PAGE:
On the other hand, some of my clients are already worried that, as we approach a post-pandemic world, the desire for a sense of “normalcy” and decompression will result in a temporary, but dangerous stagnation. It could be very tempting to feed the longing for some stability, and focus too heavily on alignment, deprioritizing agility.

And therein lies the conundrum. Organizations that build and maintain competitive advantage create a balance between two competing elements: alignment and agility. It can be convincingly argued that the benefits of agility are only achieved within the context of ongoing alignment with strategy and culture. It is also a fact that change and alignment are, at their core, competing forces that require constant attention.

How can you create alignment and agility within your team?

  • Clearly focus on only a handful of strategic imperatives. And don’t assume clarity. Revisit those imperatives regularly with your team and discuss how the team’s work contributes to them. Use them as your guardrails.
  • Help strategy bubble up from the bottom.  People in the organization who are closer to the customers, operations and technologies often see opportunities and threats more quickly than executives do. In my HBR article, “5 Behaviors of Leaders Who Embrace Change”, I shared these two ideas for building this capability in your team:
    • Make opportunity-seeking part of the regular conversation. Simply asking questions like “What are our customers talking about? What do you think they will want a year or two from now? What new trends do you think will impact us?” sends the message that looking ahead is important. And that you value their input.
    • Advertise successes. Nothing breeds success like success. Tell the stories at company events and recognize team members who are looking ahead and identifying opportunities. Demonstrate that the status quo is not enough anymore.
  • Encourage experimentation and learn from failure:  Too often, traditional organizations’ first response to a risk is to ask, “Why?” Change agility requires leaders to ask “why not?” and to establish opportunities for pilots, prototypes, and experimentation. Experimentation is an integral part of R&D. While an overall strategy informs the researchers’ focus, any R&D scientist will tell you that there are sometimes dozens of experiments that don’t get results and that, without those failures, they wouldn’t have been able to find the successes.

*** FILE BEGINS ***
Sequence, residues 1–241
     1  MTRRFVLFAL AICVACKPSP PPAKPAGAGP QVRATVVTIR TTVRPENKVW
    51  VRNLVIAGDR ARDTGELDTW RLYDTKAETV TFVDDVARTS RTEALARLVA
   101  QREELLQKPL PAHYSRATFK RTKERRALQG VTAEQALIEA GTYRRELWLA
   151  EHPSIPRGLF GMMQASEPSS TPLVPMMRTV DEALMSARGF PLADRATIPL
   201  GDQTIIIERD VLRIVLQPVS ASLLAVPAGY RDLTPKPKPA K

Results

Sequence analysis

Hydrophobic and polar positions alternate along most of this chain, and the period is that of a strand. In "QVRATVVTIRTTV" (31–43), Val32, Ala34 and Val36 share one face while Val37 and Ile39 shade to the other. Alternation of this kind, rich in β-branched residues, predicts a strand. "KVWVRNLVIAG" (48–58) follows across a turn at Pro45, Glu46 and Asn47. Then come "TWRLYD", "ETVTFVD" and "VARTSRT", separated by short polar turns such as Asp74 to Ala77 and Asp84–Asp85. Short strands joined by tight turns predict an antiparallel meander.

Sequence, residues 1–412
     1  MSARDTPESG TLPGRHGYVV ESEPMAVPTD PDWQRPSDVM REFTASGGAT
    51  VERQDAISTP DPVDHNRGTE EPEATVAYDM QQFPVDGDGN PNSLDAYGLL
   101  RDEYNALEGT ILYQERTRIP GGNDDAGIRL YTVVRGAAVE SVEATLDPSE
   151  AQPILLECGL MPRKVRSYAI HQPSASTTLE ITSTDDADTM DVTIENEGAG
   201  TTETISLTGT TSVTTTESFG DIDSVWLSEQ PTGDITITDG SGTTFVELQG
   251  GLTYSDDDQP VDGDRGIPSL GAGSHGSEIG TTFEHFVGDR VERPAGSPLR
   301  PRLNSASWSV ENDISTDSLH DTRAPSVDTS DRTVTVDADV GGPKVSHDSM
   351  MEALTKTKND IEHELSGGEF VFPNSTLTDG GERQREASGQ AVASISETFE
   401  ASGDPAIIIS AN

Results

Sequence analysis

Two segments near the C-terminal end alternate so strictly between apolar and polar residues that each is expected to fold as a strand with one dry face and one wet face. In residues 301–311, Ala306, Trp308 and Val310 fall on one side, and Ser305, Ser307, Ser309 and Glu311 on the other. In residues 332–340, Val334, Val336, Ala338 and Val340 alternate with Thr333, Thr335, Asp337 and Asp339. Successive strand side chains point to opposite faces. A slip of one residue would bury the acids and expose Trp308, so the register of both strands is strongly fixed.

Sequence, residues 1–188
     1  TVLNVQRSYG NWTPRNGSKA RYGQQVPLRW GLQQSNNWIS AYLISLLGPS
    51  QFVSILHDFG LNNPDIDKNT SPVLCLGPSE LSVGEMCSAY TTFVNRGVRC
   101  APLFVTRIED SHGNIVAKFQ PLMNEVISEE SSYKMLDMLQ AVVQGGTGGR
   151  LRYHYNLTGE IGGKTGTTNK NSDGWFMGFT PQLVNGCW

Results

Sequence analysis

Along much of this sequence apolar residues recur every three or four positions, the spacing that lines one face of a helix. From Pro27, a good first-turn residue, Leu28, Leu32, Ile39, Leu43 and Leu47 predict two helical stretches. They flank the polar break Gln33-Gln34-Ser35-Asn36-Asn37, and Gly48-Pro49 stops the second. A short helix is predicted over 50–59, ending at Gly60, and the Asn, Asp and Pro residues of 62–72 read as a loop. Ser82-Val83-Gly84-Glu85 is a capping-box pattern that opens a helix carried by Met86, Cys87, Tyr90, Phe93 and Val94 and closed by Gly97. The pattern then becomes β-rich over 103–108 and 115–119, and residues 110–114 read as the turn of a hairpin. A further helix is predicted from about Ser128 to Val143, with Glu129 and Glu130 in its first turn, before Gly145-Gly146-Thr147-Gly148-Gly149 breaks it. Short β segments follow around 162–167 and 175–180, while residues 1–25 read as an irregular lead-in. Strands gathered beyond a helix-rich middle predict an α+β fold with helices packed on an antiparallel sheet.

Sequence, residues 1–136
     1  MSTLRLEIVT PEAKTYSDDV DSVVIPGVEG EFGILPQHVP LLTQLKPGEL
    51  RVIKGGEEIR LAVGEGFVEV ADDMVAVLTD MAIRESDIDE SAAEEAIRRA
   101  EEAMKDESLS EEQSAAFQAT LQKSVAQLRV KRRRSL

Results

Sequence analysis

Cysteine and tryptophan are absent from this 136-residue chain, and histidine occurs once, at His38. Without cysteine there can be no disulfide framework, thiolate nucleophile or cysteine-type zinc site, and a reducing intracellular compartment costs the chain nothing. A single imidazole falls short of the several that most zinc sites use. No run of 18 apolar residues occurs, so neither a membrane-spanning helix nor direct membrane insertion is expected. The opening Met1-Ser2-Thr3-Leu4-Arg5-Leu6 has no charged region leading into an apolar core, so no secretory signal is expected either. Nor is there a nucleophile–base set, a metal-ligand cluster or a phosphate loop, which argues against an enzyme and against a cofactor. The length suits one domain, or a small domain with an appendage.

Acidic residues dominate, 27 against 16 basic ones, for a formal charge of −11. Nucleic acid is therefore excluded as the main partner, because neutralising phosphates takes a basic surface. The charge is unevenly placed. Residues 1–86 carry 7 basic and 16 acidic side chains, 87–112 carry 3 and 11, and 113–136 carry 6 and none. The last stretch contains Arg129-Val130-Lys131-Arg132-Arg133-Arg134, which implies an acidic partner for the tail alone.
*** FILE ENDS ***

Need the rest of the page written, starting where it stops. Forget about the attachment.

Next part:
• Reallocate resources with discipline.  As Sulls’ and Homkes research found, organizations tend to move too slowly or move quickly but lose sight of the strategy. I consulted to an organization a few years ago where moving too quickly without discipline was hampering their ability to achieve results. The CEO had started the company and was the classic early-stage entrepreneur; extremely responsive to market needs, ready and willing to change strategy, and endlessly shifting resources. However, the company was not early stage anymore and this nearly sole focus on agility led to a complete lack of follow-through, very little alignment and was seriously impacting results. The board removed him and named a new CEO who added a new level of discipline to resource allocation through a combination of centralized oversight and distributed decision-making.

Start 2021 with the ideas we’ve discussed in these three articles – defining your North Star, creating strategic clarity, building a strong culture and creating aligned agility – and you will have improved your ability to thrive.

Do Your Company’s Values Make Sense

Core Values
On websites or internal company portals and communities, there is a tab or tile that says “Our Values”.  They are there for everyone to see when and if they choose to look at them.  We use them to inform prospective employees, our current team, and business partners about who we are and what we’re about. Yet, according to a recent PwC survey, 63% of CEO’s want to increase communication to stakeholders about values and purpose.
Before jumping into another communication plan full of town hall meetings, email blasts, etc. to get the word out about your organization’s values, I encourage leaders to take a step back and look at how else they are communicating or not communicating the values.